Nokia is a veteran of the music sponsorship game, with its latest campaign set to promote the company’s Nokia Music service as well as its Lumia Windows Phone smartphones.

Called Lumia Live Sessions, it’s a partnership with French tastemaking site La Blogotheque which will involve five free gigs around the UK, starting in late March in Bristol, then heading to Birmingham, Liverpool, Leeds and London.

Annie Kearney from Nokia’s sponsorships and partnerships team told Music Ally that the emphasis will be on interesting and unique venues for the gigs, and that mobile handsets will have a role to play during the performances.

“We’ll be using light as a treatment to bring the venues to life, and mobile phones will become part of the experience at the show as well,” she said.

Each show will feature an up-and-coming headline artist and local acts chosen by Nokia’s team of UK musicologists, who usually work on compiling playlists for the Nokia Music service.

The aim is clearly to promote music discovery on that, which is an ad-free Pandora-style personal radio streaming service, complemented by the curated playlists, and with a premium Nokia Music+ tier that launched earlier this year.

“People in the UK created more than 60,000 personal mixes in January,” explained Nokia’s comms director Mark Squires. “The catalogue has expanded by 400,000 tracks since 1 January, and we know that a lot of people are using the new releases and new discoveries playlist.”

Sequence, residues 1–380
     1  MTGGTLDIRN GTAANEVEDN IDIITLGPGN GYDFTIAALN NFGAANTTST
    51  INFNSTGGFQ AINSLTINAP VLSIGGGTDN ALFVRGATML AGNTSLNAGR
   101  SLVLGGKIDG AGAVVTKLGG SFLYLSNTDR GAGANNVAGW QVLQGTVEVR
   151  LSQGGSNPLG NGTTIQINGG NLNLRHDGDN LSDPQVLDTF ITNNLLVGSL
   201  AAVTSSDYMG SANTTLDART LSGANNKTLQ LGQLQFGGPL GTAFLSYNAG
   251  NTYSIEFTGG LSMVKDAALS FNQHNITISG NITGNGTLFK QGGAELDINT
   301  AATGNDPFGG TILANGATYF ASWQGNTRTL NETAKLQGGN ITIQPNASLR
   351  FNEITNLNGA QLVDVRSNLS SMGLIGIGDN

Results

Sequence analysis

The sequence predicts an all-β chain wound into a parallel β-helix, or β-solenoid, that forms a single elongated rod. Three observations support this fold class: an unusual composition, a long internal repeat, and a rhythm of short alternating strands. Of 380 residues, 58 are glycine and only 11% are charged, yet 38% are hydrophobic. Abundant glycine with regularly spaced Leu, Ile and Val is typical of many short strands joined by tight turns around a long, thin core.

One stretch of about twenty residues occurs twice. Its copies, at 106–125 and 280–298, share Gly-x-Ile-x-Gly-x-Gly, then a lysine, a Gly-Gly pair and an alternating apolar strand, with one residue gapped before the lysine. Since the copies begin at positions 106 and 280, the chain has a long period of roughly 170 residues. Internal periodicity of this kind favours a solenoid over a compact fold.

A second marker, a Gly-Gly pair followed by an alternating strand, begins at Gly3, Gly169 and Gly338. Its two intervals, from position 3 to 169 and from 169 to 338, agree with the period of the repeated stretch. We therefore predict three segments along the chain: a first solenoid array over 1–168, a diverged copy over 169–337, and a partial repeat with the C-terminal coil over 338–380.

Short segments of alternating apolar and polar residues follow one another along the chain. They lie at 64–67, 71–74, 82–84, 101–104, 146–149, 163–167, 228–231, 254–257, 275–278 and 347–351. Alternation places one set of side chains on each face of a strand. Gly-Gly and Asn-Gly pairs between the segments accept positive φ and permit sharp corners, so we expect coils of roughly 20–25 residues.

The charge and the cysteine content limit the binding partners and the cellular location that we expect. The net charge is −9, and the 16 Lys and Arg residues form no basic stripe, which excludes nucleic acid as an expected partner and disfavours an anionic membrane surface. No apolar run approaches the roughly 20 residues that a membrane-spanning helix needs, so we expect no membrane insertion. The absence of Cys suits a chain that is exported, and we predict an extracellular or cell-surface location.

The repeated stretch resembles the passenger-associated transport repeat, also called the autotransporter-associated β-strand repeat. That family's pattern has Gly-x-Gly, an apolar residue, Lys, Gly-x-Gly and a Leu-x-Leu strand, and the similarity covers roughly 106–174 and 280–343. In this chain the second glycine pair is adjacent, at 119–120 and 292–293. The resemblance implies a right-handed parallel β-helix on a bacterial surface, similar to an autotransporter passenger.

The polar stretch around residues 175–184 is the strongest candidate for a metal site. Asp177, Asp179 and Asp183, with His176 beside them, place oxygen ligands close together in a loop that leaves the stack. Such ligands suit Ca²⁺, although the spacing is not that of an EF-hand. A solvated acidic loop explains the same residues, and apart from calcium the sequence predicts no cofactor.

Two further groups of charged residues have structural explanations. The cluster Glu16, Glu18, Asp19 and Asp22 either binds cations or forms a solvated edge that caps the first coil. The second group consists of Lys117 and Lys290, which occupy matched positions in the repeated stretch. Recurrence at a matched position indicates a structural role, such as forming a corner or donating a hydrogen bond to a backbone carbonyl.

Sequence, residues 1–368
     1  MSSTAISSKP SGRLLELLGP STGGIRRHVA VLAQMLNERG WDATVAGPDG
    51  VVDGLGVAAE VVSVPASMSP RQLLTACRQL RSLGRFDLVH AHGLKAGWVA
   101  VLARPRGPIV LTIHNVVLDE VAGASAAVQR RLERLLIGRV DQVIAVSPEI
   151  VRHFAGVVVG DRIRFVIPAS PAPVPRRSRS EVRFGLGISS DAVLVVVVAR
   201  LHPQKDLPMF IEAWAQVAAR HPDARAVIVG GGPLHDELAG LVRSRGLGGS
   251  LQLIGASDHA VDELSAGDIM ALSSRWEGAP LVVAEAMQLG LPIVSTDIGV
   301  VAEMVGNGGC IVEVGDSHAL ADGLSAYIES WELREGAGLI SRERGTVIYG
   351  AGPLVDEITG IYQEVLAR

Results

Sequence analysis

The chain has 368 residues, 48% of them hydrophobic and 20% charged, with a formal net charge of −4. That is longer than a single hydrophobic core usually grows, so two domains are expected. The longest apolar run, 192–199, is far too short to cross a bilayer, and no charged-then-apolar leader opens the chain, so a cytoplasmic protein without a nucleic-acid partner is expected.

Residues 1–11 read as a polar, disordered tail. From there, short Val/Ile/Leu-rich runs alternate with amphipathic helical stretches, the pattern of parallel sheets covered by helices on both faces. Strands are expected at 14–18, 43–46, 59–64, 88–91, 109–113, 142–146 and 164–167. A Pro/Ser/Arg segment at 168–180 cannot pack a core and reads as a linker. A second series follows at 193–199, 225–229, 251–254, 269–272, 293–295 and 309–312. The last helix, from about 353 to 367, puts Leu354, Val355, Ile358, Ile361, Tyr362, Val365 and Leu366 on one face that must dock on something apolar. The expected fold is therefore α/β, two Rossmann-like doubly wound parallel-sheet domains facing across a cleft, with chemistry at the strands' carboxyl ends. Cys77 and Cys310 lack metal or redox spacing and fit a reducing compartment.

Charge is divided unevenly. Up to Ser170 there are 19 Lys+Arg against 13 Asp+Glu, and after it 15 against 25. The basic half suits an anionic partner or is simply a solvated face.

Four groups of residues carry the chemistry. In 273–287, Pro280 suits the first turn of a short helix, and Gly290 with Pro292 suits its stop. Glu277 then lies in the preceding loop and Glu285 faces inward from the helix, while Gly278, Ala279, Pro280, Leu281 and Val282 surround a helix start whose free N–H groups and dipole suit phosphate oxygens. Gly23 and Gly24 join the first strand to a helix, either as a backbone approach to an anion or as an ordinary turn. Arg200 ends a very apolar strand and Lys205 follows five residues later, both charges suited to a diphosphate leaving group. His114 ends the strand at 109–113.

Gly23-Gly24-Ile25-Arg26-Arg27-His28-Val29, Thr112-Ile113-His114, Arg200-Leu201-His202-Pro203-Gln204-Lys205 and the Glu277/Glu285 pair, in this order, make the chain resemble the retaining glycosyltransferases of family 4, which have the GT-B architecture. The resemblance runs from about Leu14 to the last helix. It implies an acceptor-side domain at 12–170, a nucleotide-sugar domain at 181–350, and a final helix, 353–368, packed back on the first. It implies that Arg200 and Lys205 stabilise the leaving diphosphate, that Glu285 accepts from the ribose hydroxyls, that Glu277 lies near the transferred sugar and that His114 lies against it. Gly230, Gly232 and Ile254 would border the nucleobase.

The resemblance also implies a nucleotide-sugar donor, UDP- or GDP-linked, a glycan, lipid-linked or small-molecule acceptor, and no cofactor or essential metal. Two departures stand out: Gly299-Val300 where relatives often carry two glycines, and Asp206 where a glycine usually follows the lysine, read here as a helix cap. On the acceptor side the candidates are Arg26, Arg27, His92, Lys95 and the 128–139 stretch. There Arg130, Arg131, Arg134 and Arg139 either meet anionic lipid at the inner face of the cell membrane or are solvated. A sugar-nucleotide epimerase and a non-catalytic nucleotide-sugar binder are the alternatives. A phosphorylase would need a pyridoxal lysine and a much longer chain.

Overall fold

Lumia Live Sessions fits into a longer line of live activity from Nokia, including a guerilla gig with Dirty Pretty Things back in 2006, and a pair of concerts with Deadmau5 more recently to promote the Lumia range.

The upcoming gigs will spawn themed playlists on Nokia Music from the participating artists, while there’ll be NFC wristbands at the concerts which, when tagged with a Lumia phone, will take people to the playlist.

However, owners of Android NFC devices will also be able to tag the wristbands to get samples – the idea being they’ll see that if they were using Nokia Music, they could get the tracks for free.

Kearney said this activity around the concerts is essential, rather than simply relying on heavy-handed on-stage branding. “Gone are the days when you just have your brand’s name on a stage,” she said. “People can see their way right through that.”

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